As a master, network adapter 110 arbitrates use of processor I/O bus 109. When acknowledged, adapter 110 owns bus 109 for a period of time and, for that period, can use bus 109 to read or write system memory 106 directly without interference with the execution of instructions in processor 104, which are usually executed from cache 103. This method of data transfer directly to/from system memory 106 is referred to as Direct Memory Access (DMA).
Network adapter 110, to be truly bi-directional with respect to network 102, attaches thereto via bi-directional bus 107, which includes at least one interface 115 for sending messages to the network, and at least one for receiving messages from the network. Messages sent by node 100 to network 102 are either transferred directly from processor 104 using PIO commands or by DMA directly from system memory 106 under control of network adapter 110. In either case, all messages to be sent to network 102 are routed over processor I/O bus 109 to network adapter 110, where they are directed through control logic 114 and stored temporarily into send FIFO 111. Control logic 115 then reads the message from send FIFO 111, and sends it to network 102 over bus 107. Network adapter 110 also supports the reverse operation, where messages arriving into network adapter 110 from network 102 are routed by control logic 114 to RCV FIFO 119. The message is temporarily stored in RCV FIFO 119 until a DMA operation is initiated at network adapter 110 to transfer the message over processor I/O bus 109 to system memory 106.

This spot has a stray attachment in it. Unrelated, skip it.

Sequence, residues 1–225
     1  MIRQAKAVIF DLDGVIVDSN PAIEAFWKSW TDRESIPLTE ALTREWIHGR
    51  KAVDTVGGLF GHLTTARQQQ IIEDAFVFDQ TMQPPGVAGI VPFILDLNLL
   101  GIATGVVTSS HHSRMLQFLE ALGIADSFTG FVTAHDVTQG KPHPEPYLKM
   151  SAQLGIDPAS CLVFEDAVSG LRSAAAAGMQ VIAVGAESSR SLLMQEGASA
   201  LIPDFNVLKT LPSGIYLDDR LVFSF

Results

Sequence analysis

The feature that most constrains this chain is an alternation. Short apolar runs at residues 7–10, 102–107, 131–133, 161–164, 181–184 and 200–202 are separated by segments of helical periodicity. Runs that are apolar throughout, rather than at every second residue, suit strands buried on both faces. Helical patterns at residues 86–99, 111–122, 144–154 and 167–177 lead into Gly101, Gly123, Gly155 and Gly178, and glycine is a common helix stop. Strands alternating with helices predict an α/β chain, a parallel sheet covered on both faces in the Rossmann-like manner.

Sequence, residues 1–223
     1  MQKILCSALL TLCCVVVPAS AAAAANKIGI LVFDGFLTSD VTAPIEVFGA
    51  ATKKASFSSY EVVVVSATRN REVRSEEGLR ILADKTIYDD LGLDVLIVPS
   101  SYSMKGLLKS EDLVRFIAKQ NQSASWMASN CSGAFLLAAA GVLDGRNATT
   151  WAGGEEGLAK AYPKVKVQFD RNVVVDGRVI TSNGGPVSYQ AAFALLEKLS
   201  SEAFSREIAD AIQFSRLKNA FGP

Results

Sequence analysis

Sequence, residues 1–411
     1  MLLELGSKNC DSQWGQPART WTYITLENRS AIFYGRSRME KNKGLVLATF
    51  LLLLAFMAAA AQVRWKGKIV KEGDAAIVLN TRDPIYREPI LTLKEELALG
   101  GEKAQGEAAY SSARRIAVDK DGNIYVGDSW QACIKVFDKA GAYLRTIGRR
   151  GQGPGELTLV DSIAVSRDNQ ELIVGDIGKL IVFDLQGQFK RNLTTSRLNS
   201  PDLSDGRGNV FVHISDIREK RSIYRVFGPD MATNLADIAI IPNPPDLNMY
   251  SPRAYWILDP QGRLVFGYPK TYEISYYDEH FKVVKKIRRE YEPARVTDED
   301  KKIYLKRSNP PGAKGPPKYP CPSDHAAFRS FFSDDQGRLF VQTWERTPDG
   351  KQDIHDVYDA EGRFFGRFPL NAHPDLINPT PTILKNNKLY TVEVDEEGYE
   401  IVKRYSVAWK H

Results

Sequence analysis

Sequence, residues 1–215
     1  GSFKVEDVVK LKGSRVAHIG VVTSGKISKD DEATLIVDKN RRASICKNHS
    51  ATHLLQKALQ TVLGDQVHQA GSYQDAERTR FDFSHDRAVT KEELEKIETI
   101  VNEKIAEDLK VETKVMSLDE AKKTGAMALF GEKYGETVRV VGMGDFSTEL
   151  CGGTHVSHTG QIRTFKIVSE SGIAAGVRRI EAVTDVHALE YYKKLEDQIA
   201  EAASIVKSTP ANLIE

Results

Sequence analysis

For send operations, each DMP is started by commands referred to as send DMP pointers, which point to a starting address in adapter memory 118 of the DMP program 112 to be executed. The send DMP pointer list 117 is a separate FIFO from send/receive FIFOs 116 for queueing DMP starting commands. Send DMPs 112 are processed one at a time and kept in order by pointer list 117. Pointer list 117 contains from one to L (say, 64) send DMP pointers, each pointing to a DMP 112 that has been commanded to be executed. Processor 104 software activates a send DMP 112 by writing a send DMP pointer to send DMP pointer list 117 in adapter memory 118.
Referring to FIG. 2, in connection with this embodiment, send DMP pointer 200 contains starting address fields 202, 204 of a prestored DMP program 112, and controls including word boundary address alignment field 202; a don't care field 206; spare bits 208 and 210; bit 212 for indicating, when on, an interrupt upon DMP program completion; bit 214 indicating, when on, immediate DMP enabled (program valid); and bit 216 indicating, when on, DMA enabled (program valid).
Referring to FIG. 3, a description will be given of adapter 110, including a description of stack lists 117 and controls 114 (FIG. 1) used to point to indirect PIO messages 112 (FIG. 1) in accordance with this embodiment of the invention.
Adapter memory 118 includes a plurality of DMP programs 120 in DMP programs & indirect PIO messages area 112, and send DMP pointer list 117. DMP program 120 includes four fields, including word count of DMA transfer 170, FIFO address 171, system memory address 172, and read/write and other controls 173. For purpose of this embodiment, by way of example, up to sixty four such DMP programs 120 can be written in area 112 of adapter memory 118 by PIOs from processor 104. Send DMP pointer list 117 in adapter memory 118 is a FIFO stack list, or circular buffer, of up to sixty four 32-bit send DMP pointer words 200 (FIG. 2).